Figure 1. The schema for the spheroid sprouting assay. Steps 1 shows HUVEC cells cultured a dish. In Steps 2, HUVEC cells are moved to 3D round-bottom 96-well plates for 72 h. Steps 3 shows the HUVEC cells form endothelial cell spheroids automatically in the 3D plate. In Steps 4, add cell spheroid to diluted gel. In Steps 5, add the mixture prepared above to a 15-well plate. Steps 6 shows spheroid sprouting in the 15-well plate. Steps 7 show the sprouting image taken under an inverted light microscope. Steps 8 shows the uploaded image and step 9 is the output image from the platform (bar = 100 µm). Please click here to view a larger version of this figure.
Figure 2. The effect of VHL gene silencing on the angiogenic ability of HUVEC cells in the spheroid sprouting assay. (A) Representative images of spout outgrowth after 12 h in control (A1) and VHL-silenced HUVEC spheroids (A2) (bar = 100 µm). Figures A3 and A4 show the images analyzed by the platform for Figures A1 and A2, respectively. Red represents sprouts skeleton, yellow the number of sprouts, blue the sprout structure, white sprout end, and orange spheroid. (B) Length of the sprouts. Statistical analysis was performed using unpaired Student's t-test. * represent P < 0.05. CON, control; HUVEC, human umbilical vein endothelial cell. Please click here to view a larger version of this figure.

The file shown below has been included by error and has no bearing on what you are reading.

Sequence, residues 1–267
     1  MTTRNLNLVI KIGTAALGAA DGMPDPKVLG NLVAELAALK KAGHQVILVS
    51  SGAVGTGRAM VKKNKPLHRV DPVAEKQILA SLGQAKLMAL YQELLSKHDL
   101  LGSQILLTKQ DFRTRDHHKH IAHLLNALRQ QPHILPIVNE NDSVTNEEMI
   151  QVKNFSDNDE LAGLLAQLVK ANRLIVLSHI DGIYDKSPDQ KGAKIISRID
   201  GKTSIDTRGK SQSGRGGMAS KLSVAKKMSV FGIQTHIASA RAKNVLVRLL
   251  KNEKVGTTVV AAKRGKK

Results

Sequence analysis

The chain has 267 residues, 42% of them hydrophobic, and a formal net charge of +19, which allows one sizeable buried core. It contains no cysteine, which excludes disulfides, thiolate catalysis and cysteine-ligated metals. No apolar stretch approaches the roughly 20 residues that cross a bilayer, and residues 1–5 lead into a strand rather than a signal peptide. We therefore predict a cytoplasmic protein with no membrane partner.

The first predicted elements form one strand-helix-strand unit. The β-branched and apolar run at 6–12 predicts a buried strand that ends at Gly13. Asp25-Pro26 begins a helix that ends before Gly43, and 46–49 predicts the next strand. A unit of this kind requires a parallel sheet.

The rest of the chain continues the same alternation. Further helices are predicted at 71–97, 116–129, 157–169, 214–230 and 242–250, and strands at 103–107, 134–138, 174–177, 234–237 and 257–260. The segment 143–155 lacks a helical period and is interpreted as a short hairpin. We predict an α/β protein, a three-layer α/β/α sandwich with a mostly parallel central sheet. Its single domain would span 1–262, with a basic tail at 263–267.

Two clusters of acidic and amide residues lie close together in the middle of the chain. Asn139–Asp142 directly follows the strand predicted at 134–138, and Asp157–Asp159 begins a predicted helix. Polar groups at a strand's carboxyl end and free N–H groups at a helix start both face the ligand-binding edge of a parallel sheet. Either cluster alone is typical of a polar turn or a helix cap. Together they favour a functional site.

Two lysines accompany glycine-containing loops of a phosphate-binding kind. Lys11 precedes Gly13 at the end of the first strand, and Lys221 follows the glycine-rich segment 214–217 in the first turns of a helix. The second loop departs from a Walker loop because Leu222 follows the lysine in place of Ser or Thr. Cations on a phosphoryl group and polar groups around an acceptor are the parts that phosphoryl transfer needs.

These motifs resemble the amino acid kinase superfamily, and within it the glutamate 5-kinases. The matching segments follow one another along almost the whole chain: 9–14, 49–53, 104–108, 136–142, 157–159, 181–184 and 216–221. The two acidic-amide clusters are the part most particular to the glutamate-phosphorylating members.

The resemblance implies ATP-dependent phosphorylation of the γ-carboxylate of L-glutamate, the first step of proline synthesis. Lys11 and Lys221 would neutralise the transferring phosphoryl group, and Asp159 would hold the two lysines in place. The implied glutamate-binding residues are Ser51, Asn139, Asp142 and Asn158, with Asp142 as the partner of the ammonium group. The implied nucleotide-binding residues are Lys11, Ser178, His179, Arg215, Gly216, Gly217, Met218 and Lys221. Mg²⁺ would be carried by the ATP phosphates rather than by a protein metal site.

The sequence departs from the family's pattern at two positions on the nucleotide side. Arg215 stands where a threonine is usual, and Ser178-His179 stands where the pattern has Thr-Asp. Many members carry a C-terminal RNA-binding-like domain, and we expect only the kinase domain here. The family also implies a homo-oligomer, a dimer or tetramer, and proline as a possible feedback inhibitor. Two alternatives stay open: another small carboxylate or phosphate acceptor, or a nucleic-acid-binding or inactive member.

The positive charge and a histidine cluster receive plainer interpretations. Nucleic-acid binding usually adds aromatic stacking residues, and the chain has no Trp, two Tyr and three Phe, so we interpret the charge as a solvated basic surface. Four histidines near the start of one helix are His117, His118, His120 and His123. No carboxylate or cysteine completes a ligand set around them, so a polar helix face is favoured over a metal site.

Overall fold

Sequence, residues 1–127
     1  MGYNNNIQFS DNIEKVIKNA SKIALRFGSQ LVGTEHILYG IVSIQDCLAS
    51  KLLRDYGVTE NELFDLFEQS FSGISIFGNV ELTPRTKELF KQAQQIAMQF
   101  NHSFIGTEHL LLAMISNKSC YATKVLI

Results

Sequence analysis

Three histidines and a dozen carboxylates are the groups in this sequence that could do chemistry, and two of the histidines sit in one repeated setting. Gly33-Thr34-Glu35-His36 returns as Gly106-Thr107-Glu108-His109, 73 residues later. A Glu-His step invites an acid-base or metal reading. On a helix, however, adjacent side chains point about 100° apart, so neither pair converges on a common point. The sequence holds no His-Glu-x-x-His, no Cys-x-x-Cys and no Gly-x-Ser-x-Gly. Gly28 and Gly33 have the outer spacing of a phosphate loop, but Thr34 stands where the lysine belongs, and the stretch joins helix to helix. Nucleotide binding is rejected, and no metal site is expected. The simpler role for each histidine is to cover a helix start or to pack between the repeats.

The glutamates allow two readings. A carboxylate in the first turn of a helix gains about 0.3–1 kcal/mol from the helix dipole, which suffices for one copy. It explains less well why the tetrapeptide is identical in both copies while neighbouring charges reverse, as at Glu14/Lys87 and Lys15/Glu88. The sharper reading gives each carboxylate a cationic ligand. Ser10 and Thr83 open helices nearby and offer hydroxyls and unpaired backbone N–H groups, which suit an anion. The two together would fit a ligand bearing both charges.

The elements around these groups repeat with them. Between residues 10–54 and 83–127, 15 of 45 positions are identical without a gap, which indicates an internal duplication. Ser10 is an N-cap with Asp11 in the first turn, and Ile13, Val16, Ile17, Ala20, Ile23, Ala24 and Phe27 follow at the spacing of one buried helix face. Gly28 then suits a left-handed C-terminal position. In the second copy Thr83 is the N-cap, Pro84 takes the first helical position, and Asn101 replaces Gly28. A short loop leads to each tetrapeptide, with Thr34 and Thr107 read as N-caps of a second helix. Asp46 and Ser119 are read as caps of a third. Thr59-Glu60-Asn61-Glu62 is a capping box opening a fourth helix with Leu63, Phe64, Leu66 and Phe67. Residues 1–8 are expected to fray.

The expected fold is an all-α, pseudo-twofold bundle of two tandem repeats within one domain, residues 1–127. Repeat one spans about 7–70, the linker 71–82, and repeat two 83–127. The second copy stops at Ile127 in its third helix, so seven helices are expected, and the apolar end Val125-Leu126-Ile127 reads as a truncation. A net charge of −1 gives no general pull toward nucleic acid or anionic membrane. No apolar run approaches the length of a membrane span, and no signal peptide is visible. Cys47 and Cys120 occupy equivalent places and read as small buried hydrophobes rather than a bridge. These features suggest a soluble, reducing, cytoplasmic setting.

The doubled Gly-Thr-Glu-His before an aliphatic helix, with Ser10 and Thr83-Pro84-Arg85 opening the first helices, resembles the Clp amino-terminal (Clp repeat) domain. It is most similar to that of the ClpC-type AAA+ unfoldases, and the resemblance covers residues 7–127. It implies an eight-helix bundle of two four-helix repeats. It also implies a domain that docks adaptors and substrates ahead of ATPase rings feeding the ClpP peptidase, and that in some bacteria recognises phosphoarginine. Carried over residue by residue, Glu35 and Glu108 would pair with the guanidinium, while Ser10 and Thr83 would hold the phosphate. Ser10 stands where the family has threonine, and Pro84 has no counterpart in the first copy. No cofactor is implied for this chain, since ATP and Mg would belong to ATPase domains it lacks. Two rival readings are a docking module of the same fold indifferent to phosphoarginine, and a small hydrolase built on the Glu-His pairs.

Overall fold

Recently, multiple fields of vascular biology research were stimulated by the study of the angiogenic endothelium15. In this article, we developed an endothelial spheroid sprouting technique as an experimental model to study the vessel formation that originates from the VHL gene's loss of function in manipulated endothelial cells to identify novel candidate molecules of the angiogenic cascade. To the best of our knowledge, this is the first report to examine the angiogenic effects of the endogenic modified endothelial cells.